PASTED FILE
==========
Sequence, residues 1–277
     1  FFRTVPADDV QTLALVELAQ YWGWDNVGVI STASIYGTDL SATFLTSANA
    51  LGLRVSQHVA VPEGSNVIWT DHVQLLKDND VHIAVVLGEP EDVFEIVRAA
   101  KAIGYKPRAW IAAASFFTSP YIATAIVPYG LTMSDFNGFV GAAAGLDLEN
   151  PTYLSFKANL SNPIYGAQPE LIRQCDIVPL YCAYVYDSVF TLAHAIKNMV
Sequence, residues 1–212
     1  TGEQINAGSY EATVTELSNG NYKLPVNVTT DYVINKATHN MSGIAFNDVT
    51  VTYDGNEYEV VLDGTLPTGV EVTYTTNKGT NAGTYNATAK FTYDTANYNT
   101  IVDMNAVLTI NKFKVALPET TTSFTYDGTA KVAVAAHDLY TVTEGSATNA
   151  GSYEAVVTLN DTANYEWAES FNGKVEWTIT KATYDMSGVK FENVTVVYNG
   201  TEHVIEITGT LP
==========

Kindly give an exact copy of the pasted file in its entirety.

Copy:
Sequence, residues 1–277
     1  FFRTVPADDV QTLALVELAQ YWGWDNVGVI STASIYGTDL SATFLTSANA
    51  LGLRVSQHVA VPEGSNVIWT DHVQLLKDND VHIAVVLGEP EDVFEIVRAA
   101  KAIGYKPRAW IAAASFFTSP YIATAIVPYG LTMSDFNGFV GAAAGLDLEN
   151  PTYLSFKANL SNPIYGAQPE LIRQCDIVPL YCAYVYDSVF TLAHAIKNMV
Sequence, residues 1–212
     1  TGEQINAGSY EATVTELSNG NYKLPVNVTT DYVINKATHN MSGIAFNDVT
    51  VTYDGNEYEV VLDGTLPTGV EVTYTTNKGT NAGTYNATAK FTYDTANYNT
   101  IVDMNAVLTI NKFKVALPET TTSFTYDGTA KVAVAAHDLY TVTEGSATNA
   151  GSYEAVVTLN DTANYEWAES FNGKVEWTIT KATYDMSGVK FENVTVVYNG
   201  TEHVIEITGT LP